> > The background for this question is, to get a feeling, how 
> future-proof the xenomai development is. As far as I can see 
> open source projects often die or stall when the initiators 
> decide that "growing flowers" is a much more pleasant job ;-).
> > 
> 
> We had to decide last year which way to go for our future 
> platforms, also with potential industrial/commercial usage in 
> mind (e.g.
> proprietary real-time algorithms as user-space applications). 
> Based on our experience with the RTAI (> 4 years), my own 
> insight into RTAI/fusion (Xenomai predecessor), and the 
> status of PREEMPT_RT, we selected fusion (now Xenomai) as the 
> most matured and future-proven one.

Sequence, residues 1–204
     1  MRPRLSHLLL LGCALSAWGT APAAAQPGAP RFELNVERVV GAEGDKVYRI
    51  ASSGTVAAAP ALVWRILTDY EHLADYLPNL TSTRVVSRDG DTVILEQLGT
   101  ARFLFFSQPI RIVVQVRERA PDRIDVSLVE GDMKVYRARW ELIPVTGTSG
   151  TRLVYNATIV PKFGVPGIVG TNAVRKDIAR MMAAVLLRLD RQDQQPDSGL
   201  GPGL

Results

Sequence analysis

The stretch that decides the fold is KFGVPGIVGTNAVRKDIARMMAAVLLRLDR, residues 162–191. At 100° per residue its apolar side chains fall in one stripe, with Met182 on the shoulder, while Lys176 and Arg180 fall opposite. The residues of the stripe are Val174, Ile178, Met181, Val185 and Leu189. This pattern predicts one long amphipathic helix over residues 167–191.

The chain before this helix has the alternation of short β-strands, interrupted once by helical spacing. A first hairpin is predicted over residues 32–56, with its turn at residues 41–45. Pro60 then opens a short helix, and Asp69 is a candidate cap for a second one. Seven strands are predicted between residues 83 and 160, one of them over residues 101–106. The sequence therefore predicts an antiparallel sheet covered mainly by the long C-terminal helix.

> 
> Xenomai is enjoying an increasing acceptance in industry. Our 
> industry partners e.g. are either planning to start new with 
> Xenomai or port over from other RT-extensions - of course 
> encouraged by our own good experience. I talked to a lot of 
> smaller and real large companies over the last months, 
> specifically here in Germany, that started new 
> automation/embedded projects on top of Linux/Xenomai (as 
> usual, most of their activities remain non-public - 
> unfortunately). They are convinced of the future of this project.
> 
> Moreover, I believe that Xenomai has a very healthy 
> community. We have a quite active crowd of contributors and 
> "plain" users. There is definitely more than one person 
> knowing the internals of the system (as in many projects, 
> there is still one person knowing them best...). And the code 
> is also well documented (exceptions apart).